Bernard Lafayette doesn't sound like the spokesman for a civil rights organization that's been threatening to self-destruct. He says the Southern Christian Leadership Conference's Atlanta headquarters is pushing ahead with new projects and important events despite a criminal investigation into its finances. "We're in control of the office," he says. "We have supervision of the staff and we're planning our national convention here in Atlanta in August. So we're moving ahead while they're still drawing up charges."
Lafayette is talking about the very public legal battle with another faction of SCLC, 53-years after Dr. Martin Luther King Jr co-founded the organization, infighting has nearly succeeded in doing what Bull Connor, George Wallace and the Ku Klux Klan could not.
The SCLC's board of directors voted to remove Chairman Raleigh Trammell
and treasurer Spiver Gordon after allegations of financial improprieties.
The Atlanta Journal-Constitution in April said the two may have diverted nearly $570,000 in SCLC funds to themselves or to their individual projects. The former Chairman and treasurer deny any wrongdoing.
After months of charges and countercharges, lawsuits and countersuits, the SCLC board has a new chairperson, Sylvia Tucker, and agenda. The organization will install new president Rev. Bernice King, daughter of Martin Luther King Jr., at the August convention. Lafayette says the board has delayed bringing in King to avoid involving her in the recent controversies and to allow her to assume office with a clean slate.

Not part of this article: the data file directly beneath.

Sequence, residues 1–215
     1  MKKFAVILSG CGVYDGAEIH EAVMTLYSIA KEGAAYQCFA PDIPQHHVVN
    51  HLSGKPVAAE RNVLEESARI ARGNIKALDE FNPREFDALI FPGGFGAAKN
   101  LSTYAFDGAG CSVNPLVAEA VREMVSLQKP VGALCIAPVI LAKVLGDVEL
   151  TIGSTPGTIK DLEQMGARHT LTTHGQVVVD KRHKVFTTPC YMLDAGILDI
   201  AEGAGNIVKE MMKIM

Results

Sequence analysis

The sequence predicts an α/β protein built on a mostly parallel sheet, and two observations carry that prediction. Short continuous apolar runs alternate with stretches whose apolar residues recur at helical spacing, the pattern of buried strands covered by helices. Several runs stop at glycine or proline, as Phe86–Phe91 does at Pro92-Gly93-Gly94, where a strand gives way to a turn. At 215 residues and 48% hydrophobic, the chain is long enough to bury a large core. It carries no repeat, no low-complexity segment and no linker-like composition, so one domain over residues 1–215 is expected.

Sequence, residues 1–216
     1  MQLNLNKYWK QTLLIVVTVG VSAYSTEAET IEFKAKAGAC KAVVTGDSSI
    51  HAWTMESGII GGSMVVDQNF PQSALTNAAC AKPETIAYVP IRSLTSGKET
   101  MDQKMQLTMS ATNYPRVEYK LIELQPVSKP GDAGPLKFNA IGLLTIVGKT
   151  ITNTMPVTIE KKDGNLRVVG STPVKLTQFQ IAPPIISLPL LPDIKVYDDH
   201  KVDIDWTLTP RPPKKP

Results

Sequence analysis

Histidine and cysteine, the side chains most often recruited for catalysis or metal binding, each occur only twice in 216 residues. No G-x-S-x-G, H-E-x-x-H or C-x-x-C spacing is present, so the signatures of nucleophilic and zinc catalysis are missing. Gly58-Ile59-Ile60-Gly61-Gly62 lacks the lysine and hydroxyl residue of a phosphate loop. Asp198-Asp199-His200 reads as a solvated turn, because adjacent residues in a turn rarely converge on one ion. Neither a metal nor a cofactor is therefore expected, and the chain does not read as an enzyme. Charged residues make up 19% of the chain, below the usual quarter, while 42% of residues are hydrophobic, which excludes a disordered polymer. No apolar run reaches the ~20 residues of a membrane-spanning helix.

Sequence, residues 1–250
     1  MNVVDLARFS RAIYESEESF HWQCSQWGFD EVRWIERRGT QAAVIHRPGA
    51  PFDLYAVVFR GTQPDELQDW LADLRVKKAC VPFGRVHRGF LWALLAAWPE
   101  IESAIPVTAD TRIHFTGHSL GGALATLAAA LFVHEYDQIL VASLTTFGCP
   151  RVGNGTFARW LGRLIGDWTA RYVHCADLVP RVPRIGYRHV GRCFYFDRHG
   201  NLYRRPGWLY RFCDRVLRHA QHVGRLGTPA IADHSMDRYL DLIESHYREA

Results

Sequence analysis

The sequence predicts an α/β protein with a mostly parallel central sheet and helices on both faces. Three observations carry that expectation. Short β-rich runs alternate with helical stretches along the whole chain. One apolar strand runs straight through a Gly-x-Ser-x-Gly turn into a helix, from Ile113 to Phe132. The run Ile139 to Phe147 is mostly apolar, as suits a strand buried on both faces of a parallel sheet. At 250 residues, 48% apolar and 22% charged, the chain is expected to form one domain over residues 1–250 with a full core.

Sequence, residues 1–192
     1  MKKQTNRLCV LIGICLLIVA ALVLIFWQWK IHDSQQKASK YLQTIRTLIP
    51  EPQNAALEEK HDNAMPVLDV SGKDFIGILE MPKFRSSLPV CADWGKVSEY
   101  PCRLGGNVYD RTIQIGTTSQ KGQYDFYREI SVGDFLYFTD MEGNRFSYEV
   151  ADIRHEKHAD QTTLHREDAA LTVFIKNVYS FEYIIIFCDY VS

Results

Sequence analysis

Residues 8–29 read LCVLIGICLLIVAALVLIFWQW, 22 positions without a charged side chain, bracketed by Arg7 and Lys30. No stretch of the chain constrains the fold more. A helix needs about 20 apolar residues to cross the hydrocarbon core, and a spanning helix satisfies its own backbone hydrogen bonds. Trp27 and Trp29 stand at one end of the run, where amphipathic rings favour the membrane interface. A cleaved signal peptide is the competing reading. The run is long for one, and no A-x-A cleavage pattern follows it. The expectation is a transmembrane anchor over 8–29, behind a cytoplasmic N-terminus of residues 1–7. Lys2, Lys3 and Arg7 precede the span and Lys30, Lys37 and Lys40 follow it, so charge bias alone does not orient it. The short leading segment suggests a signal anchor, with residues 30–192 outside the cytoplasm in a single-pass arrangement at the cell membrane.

Lafayette says SCLC is hoping to redirect public attention from its internal problems with an initiative against youth violence and school bullying. "Some people think it's all in the urban communities. No! This violence and that sort of thing is not recorded as regularly, but in suburban and rural areas, they're experiencing some of the same issues with youth violence and high youth incarceration," he says. "That's a problem we have to deal with."
Details are still being worked out, but organizers say they SCLC will rely on techniques used so effectively during the civil rights movement. Experts in non-violent conflict resolution later this year will train high school students who will in turn train their peers and middle school students. The SCLC will also use students to help curb the high dropout rate among low income youth. Strategists have already held planning sessions at Atlanta's Martin Luther King Center for Non-violent social change.
But while the youth initiative takes shape, SCLC has to contend with negative perceptions from months of turmoil in its own ranks. Bad PR that could have a long-term impact on fund-raising and membership. "It damages the image, but that's a temporary thing," says Lafayette about the scandal. "The more important thing in the end is that they will recognize that some people (in SCLC) stood up and would not allow the organization to essentially deteriorate."